The 15 parties that have a chance of entering the next Knesset intend to take
action over the next few days to grab the public’s attention for the final polls
that will be taken ahead of the January 22 general election.
prohibits survey results from being published within four days of elections,
which makes Friday the last day for polls. The final polls, which will be seen
as the ultimate bellwether of the election, will be taken Monday, Tuesday and
Former foreign minister Avigdor Liberman will be going to
Hebron and his Likud Beytenu will start a new campaign on billboards, and Labor
leader Shelly Yacimovich will be calling undecided voters herself at her party’s
Tel Aviv headquarters.
The Jerusalem Post’s last Smith Research poll
before the previous election, which was published February 6, 2009, predicted
that the Likud would be the largest party with 26 seats, followed by Kadima with
23. But thanks to a last-minute campaign under the slogan “It’s Tzipi [Livni] or
Bibi [Netanyahu],” Kadima took three seats away from Labor and two from Meretz,
defeating Likud 28 to 27.
Yisrael Beytenu fell significantly over the
last week of the last election from the 17- 18 seats predicted by the Post poll
and as many as 21 mandates predicted by a Geocartography poll.
Speaker Reuven Rivlin warned Sunday that if Likud Beytenu does not win 40 seats in the election, three coalitions would be needed: One to pass the state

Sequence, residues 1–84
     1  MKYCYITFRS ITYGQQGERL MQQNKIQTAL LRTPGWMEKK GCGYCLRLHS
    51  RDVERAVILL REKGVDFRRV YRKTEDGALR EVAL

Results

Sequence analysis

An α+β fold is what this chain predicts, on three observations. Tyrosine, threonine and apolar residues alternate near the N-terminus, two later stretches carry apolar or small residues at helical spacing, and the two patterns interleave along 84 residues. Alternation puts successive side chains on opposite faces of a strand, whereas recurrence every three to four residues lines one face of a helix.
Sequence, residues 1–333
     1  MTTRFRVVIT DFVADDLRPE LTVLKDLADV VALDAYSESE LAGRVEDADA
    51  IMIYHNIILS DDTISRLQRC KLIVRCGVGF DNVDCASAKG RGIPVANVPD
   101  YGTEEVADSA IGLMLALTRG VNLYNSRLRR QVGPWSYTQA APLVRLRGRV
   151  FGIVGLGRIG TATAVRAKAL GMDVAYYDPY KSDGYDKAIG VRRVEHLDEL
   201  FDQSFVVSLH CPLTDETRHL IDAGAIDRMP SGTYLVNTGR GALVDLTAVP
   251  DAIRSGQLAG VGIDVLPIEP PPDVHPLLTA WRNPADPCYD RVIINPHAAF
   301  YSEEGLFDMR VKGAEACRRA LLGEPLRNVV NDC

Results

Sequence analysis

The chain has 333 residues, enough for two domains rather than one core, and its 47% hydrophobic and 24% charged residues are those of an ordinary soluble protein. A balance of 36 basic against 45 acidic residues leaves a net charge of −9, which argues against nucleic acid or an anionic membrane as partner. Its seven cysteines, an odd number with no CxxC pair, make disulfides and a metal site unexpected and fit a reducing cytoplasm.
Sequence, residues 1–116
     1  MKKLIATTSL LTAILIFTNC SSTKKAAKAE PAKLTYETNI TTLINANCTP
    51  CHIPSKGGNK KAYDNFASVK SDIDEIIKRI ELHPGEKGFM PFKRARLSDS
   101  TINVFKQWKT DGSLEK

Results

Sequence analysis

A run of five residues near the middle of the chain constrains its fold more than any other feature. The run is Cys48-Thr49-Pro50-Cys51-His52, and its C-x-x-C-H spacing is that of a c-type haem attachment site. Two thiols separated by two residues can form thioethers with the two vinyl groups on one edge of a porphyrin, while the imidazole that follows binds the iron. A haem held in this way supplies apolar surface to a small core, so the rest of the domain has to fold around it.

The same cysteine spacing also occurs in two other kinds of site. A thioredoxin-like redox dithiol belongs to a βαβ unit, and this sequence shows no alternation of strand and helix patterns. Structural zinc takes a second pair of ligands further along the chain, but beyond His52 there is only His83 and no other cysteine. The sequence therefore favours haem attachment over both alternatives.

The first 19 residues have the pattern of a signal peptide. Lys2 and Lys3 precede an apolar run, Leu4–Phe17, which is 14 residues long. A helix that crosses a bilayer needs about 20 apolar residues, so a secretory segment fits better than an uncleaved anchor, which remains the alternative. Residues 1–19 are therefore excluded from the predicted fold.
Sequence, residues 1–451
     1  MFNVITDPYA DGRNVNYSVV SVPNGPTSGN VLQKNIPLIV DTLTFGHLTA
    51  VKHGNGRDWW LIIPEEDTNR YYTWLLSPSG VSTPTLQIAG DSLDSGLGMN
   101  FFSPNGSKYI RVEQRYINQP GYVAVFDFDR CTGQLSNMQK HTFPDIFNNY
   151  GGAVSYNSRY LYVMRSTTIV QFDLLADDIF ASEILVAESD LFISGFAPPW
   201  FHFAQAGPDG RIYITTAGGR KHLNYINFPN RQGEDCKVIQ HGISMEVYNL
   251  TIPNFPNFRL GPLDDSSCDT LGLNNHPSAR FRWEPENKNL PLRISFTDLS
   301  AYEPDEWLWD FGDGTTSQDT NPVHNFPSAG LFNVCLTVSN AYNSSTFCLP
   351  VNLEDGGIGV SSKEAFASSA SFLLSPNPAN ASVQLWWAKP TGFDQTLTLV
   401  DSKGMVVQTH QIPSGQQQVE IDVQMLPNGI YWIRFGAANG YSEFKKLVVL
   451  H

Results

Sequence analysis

budget, one for the diplomatic process and one to ease the burden of IDF
Sources close to Prime Minister Binyamin Netanyahu said he
wanted to form the widest coalition possible and would not disqualify any
In radio interviews, Netanyahu denied reports that he had
already started building his next coalition.
Former foreign minister
Tzipi Livni, who at the beginning of the campaign had to be prodded to not rule
out joining a government led by Netanyahu, sounded eager to join his next
prospective coalition in radio interviews Sunday morning.
“The more votes
I have, the more I will be able to have influence on policies to make sure we
will work with the world, not against it,” Livni said. “I will decide to join
the coalition if I will receive guarantees that there will be a real diplomatic
process and I will have a serious impact on it.”
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